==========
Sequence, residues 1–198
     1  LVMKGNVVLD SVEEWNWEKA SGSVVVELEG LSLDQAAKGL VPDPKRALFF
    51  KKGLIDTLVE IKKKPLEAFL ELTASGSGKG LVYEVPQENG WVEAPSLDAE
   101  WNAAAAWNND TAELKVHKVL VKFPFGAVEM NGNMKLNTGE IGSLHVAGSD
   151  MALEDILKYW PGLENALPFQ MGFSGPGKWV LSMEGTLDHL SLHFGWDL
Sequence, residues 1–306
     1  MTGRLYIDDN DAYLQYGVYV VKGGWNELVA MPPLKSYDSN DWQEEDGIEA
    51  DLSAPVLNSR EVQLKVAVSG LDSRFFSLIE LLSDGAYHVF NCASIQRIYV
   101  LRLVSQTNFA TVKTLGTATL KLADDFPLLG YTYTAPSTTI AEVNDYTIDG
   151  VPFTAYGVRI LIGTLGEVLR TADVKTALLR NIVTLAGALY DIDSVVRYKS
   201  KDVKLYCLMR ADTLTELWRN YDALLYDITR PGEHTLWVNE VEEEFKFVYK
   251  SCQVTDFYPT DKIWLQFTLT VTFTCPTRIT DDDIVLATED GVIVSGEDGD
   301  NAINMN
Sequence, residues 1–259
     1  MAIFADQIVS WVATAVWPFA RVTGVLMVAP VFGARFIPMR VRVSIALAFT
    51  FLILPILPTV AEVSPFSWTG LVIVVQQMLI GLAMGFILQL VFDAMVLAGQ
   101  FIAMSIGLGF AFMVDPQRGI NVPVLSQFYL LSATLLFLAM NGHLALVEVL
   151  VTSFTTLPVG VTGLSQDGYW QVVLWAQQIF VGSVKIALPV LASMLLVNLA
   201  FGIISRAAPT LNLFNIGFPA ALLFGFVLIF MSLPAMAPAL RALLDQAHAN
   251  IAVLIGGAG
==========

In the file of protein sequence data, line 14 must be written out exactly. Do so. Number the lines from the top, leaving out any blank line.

Sequence, residues 1–259